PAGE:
An independent source of kitchen design advice & ideas
Those of you who have been reading Majjie's blog for a while - or following me on Twitter - will know that I sometimes get involved in KBB (kitchen, bedroom, bathroom) industry wrangles about kitchen designer training. Or, more accurately, the lack of any such training.
As an independent kitchen designer, I'm well placed to judge the lack of satisfaction amongst consumers, when it comes to kitchen design. That's mostly at the lower end of the market, but it sometimes extends quite a long way up, to pricier kitchens too. And, in any case, those who buy inexpensive kitchens surely have just as much right to some decent design input for their projects?
Should only bespoke kitchens benefit from good kitchen design?
Of course, I don't get to see the kitchen designs that consumers are happy with, so maybe my opions are a bit biased. But, on the other hand, what about all those people who didn't come to me (or any other competent kitchen designer) - and who have put up with the boring, unimaginative designs ... or who have been "persuaded" to have something they didn't really want - or have bought a product which didn't really suit their needs - or worse still, end up with a kitchen that won't fit. The discontent that I see could well be the tip of an iceberg. And doesn't that represent a failing in the KBB industry?
A good kitchen designer needs to have a flair for design, of course, but a lot of the problems are to do with lack of training, too much emphasis on selling and not enough on designing ... and a complete lack of accessible technical information and design guidelines. I wrote about the problems and the lack of any proper training route here.
Another reason I'm interested, is because I get a few enquiries, via this website, from young people wanting to know how they could become kitchen designers, or asking for advice on learning their trade ... and I have very little to tell them. The best way for an inexperienced but keen youngster to get into the industry is to apply for a job with a direct sales organisation, or one of the big multiples that sell kitchens. You will then receive in-house training, where kitchen design principles will be skimmed over, and you will be taught to sell kitchens. From there, you can progress to working in more diverse kitchen retailers, if you wish ... but you will have to find for yourself the more detailed information that you need (and pick the brains of more experienced designers).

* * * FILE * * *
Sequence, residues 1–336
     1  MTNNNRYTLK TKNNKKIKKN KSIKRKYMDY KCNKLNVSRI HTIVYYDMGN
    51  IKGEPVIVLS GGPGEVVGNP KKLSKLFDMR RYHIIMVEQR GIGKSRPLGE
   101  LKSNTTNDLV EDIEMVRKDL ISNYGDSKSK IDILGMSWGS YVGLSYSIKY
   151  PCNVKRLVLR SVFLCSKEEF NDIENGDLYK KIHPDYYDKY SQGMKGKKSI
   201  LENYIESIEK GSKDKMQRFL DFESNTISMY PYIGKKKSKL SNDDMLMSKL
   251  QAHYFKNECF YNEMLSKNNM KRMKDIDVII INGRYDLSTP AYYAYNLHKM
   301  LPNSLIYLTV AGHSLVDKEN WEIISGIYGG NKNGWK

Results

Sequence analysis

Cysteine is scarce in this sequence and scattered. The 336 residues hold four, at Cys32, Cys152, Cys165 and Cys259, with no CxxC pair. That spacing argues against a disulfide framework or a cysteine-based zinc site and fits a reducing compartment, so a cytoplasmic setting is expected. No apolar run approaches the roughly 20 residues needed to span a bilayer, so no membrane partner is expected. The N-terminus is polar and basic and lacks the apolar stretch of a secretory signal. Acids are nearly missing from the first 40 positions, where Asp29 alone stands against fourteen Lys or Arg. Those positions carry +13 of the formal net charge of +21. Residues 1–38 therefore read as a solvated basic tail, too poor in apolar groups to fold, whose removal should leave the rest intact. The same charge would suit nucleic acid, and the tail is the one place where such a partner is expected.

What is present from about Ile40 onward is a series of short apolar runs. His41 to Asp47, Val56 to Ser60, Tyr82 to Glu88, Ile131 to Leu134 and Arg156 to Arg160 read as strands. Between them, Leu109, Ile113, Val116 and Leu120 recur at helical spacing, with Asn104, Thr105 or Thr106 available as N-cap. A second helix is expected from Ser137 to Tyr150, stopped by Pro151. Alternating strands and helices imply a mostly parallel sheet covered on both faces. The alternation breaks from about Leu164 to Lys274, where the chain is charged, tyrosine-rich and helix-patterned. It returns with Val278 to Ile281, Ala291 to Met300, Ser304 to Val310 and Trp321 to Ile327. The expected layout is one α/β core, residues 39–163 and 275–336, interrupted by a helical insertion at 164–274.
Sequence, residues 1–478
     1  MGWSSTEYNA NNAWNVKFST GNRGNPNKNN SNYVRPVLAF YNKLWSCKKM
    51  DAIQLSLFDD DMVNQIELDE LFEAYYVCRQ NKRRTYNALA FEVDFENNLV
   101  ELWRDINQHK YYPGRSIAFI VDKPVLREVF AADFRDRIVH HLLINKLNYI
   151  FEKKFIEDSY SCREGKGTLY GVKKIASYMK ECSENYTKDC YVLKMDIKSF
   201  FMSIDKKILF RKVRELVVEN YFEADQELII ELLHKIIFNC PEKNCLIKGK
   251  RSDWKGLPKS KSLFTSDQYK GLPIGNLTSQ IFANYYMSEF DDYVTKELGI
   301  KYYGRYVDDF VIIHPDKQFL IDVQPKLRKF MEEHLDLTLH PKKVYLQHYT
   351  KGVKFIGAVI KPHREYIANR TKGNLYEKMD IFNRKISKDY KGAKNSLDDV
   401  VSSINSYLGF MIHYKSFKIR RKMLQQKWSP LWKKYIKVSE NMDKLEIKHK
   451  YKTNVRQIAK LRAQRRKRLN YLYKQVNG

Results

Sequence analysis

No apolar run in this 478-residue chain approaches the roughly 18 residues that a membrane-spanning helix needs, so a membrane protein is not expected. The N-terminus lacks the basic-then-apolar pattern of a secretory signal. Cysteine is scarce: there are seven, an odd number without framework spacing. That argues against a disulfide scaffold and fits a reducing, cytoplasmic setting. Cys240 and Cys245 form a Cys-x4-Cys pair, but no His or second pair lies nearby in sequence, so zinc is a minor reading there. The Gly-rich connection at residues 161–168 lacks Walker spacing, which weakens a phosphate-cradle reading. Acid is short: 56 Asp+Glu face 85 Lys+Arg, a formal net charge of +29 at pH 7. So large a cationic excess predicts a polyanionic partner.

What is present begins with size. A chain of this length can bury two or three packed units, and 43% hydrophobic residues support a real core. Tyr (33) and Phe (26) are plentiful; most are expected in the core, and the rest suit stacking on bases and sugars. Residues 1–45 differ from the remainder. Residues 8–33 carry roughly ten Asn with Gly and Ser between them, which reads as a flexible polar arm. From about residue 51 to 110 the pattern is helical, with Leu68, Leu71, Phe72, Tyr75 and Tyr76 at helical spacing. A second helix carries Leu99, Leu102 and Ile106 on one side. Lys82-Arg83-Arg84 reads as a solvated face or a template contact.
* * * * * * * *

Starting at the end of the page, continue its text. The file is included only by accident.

Higher up the market, some showrooms take on interior designers as kitchen designers ... but very few of them have any proper kitchen design training ... they have to learn on the job too.
There is an organisation that I believe should have been more concerned about this problem ... and that's the KBB NTG (National Training Group). So - because I have a fairly high profile website, when it comes to the KBB industry - and because I can! - I'm going to list my questions concerning training:
Open Questions to the KBB NTG and the KBB Industry
I ask these questions purely as an interested individual and to, maybe, facilitate the future of independent kitchen design (my particular enthusiasm), outside of the interior design profession. I have nothing against interior designers and many, of course, are talented kitchen designers (with post qualification experience and/or training). I strongly believe, though, that you don’t need to be an interior designer to become a kitchen designer. It’s a separate discipline.